The people of Haiti’s suspicion of foreign, and especially Western interference, is not an unfounded concern, as since Haiti’s inception in 1804, it has faced opposition from Western powers, either wanting to use the country’s resources or threatened by its strength. After 300 years of colonial rule under France, the slaves working on plantations in Haiti revolted against their masters and formed the first ever free Black republic. However, the powers at the time being the US, France, England, and Spain, ostracised them, not willing to hold diplomatic or trade relations for fear of their own slaves also rebelling. France, in fact, demanded compensation for the loss of their lucrative business in the plantations, and placed Haiti under siege, demanding 150 million francs, with the full knowledge that Haiti’s economy would not be able to support such an excessive demand. Haiti would have to take out a loan from a French bank and thus accrued such a high level of interest that they remain indebted to their slavers for decades.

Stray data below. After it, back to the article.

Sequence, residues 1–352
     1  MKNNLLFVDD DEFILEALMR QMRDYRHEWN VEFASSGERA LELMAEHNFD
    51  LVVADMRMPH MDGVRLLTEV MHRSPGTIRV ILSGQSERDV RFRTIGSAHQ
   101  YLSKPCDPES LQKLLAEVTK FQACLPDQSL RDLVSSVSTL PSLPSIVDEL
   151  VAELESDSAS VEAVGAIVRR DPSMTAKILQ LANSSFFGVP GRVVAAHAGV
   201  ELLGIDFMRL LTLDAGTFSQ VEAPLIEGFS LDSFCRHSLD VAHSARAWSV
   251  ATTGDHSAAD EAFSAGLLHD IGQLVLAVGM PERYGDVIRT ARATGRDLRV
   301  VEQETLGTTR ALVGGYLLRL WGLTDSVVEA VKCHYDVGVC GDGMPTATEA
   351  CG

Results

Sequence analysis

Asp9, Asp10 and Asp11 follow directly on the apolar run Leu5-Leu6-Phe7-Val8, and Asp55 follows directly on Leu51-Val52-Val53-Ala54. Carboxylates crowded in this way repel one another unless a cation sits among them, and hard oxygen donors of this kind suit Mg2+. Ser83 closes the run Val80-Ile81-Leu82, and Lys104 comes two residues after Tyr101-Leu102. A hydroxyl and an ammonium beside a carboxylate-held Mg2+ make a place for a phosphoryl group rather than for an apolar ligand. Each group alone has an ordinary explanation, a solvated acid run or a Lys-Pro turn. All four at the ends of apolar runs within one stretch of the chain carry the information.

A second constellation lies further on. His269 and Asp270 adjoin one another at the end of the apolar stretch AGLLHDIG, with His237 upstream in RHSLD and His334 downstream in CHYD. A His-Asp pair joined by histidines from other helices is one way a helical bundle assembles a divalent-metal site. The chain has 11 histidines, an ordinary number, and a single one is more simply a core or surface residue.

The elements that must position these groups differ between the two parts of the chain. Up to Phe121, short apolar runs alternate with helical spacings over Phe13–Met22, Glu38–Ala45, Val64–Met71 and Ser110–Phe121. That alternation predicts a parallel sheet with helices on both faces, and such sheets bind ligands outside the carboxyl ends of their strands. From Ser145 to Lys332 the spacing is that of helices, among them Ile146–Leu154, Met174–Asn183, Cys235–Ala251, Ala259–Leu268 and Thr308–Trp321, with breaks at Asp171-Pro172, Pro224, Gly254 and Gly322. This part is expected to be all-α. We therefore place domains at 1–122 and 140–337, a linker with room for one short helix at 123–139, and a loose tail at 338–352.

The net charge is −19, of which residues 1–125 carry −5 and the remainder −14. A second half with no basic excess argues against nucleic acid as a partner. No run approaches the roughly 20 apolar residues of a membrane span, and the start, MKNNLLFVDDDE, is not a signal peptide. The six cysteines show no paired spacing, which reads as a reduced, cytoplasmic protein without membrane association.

France is not the only Western power to have colonised Haiti: in 1915 the US occupied the country, citing that its political instability was a cause for concern for European interests. They seized control, disbanding Haitian military forces and placed the country under foreign martial law. Numerous breaches of human rights transpired over 19 years including the arbitrary executions and torture of several thousand Haitians. Furthermore, in 2010 after a devastating earthquake struck Haiti, the UN’s failure to ensure the hygiene of their peacekeeping forces resulted in the introduction of cholera to Haiti. This outbreak resulted in tens of thousands of deaths across the country. This disturbing imperialist past builds upon the complexity of the crisis, explaining Haiti’s suspicion of foreign interference, and unwillingness to defer to a Western power such as the UN.

In conclusion, Haiti is caught in a complex and harrowing situation: the war between gangs, an unstable government and a disturbing colonial history, all of which obscure the urgent needs of its people. The escalating levels of gang violence, indiscriminately harming civilians, and especially women, highlight the need for accountability. Addressing these challenges requires the collaborative efforts of the domestic and international community, prioritising the welfare and dignity of the Haitian people.